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Peyton Manning gives brother Eli a rooting interest in Super Bowl 50

Eli Manning of the New York Giants and

Eli Manning of the New York Giants and Peyton Manning of the Denver Broncos meet after their game at MetLife Stadium on Sunday, Sept. 15, 2013 in East Rutherford, N.J. Credit: Jim McIsaac

SAN FRANCISCO — Dinner was on Eli.

When the Giants quarterback and his Super Bowl sibling Peyton Manning met for a meal in the San Francisco Bay Area on Tuesday night — their first face-to-face exchange since July — Eli Manning said he felt he wanted to help out any way he could. So that meant footing the bill.

“I picked up the check for big brother,” Eli Manning said on Wednesday. “It’s the least I can do. I know he’s got to buy a lot of tickets this week for friends, so I figured I could do my part and buy him a dinner.”

What was on the menu may have been less interesting than what was being said at the power powwow between quarterbacks who, as of Sunday, will have started in six of the past 10 Super Bowls.

“We just talked about brotherly things, and maybe a little football got mixed in,” Eli Manning said. “It was good to see him, and obviously I’ll be rooting for him hard on Sunday.”

This isn’t the first time the two have been together for a Super Bowl. The first was after the 2006 season when Peyton made his debut in Super Bowl XLI. At that time Eli Manning spoke about how he was excited to see his brother play in the big game, but he was also yearning for his own experience. That came the following season when he and the Giants won Super Bowl XLII.

Now that Eli Manning has two rings and two Super Bowl MVP awards, is it any easier to be a spectator?

No, Manning said.

“Talking to him this past week, it reminds you of those moments, those days after you win the championship game, the excitement with your teammates,” he said. “The planning for the Super Bowl, who you are inviting. Even the nuances of handling tickets and how are you going to get tickets and where are they staying. You want to go through that again, you want to go through those moments. Even talking about Media Day and some of the silly questions, hey, it’s a good problem to have.”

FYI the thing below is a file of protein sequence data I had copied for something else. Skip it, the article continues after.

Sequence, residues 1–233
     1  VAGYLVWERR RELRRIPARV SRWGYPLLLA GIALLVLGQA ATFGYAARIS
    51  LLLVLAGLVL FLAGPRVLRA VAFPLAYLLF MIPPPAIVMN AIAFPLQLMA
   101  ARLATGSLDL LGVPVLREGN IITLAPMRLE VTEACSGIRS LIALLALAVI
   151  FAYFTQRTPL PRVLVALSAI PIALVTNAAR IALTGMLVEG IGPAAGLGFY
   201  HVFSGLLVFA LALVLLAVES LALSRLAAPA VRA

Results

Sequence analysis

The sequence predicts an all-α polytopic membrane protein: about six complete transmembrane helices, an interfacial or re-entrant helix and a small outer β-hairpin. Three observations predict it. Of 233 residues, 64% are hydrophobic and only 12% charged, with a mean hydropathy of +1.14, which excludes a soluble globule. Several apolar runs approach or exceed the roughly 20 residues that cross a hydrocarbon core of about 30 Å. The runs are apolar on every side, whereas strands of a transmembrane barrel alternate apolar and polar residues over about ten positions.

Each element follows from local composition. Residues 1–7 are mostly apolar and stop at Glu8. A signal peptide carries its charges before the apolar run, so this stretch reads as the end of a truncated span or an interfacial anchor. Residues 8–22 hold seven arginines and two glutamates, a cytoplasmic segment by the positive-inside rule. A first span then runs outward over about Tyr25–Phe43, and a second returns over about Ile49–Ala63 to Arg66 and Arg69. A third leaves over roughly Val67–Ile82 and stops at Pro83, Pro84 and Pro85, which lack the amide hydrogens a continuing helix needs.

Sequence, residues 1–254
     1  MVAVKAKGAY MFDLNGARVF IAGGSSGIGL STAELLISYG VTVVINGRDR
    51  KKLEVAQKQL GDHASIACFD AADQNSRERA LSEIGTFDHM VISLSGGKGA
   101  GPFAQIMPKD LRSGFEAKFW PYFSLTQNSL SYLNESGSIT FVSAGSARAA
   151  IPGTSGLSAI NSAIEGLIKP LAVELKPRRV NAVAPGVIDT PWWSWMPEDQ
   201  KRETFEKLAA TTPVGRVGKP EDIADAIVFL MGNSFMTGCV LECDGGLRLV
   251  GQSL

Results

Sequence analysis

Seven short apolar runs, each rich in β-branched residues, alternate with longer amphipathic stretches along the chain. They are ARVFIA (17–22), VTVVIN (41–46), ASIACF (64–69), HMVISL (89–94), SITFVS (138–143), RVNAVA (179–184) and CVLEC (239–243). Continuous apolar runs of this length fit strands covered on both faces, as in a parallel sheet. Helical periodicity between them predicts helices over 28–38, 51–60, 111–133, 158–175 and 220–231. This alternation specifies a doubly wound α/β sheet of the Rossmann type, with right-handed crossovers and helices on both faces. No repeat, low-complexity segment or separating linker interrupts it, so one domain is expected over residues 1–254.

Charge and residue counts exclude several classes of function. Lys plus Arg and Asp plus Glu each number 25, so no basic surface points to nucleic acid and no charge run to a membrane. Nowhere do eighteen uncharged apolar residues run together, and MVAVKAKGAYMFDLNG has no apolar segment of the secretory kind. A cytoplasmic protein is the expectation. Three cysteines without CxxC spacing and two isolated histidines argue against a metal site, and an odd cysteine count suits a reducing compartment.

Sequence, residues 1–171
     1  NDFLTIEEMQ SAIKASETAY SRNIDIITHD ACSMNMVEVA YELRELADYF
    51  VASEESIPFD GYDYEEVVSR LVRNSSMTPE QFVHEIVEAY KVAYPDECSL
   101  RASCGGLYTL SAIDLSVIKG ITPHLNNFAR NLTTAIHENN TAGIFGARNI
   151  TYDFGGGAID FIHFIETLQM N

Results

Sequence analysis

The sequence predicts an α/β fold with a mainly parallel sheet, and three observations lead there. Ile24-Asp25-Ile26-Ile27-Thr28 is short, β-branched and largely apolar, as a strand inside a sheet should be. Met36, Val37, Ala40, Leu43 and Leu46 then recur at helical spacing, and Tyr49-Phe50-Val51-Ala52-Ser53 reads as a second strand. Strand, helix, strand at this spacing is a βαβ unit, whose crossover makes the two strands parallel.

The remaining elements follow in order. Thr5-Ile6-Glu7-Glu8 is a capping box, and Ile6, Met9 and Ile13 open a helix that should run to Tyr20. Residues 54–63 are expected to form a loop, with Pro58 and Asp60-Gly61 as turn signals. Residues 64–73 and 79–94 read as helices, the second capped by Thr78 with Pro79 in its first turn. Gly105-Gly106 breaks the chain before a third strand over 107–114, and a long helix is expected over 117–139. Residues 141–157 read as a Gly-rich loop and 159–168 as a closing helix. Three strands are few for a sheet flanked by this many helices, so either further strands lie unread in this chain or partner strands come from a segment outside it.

Eli and the rest of the family will be in Santa Clara for the game on Sunday. Asked if he will be watching the game as a fan or as a quarterback, Eli added a third option.

“I’ll watch it as a little brother, I guess, rooting for my big brother to go out there and play well,” he said. “I would say I automatically turn into a Broncos fan when I’m watching Peyton play, rooting for the defense to get stops, rooting for the offense to score well and hoping they can get a win.”

Earlier this week Peyton Manning spoke about how excitable he gets watching Eli play, sometimes losing himself in the games on television when he should be preparing for his own game later in the day. The images of Peyton Manning celebrating Eli’s Super Bowl XLII victory are woven into the kaleidoscope of that day. Eli said he, too, finds himself caught up in being a fan.

“I get emotional about it and hopefully I’ll have lots of reasons to cheer and get excited [on Sunday],” he said. “Through the playoffs this year and just watching the games at home, the wife’s definitely heard me yell a few times about a drop or want to know what’s going on. I’m rooting for him hard and want him to win every game that he’s playing, unless he’s obviously playing the Giants. Always rooting for him, always want him to have success and play well and for his team to win.”

Even if it costs him the occasional dinner.

New York Sports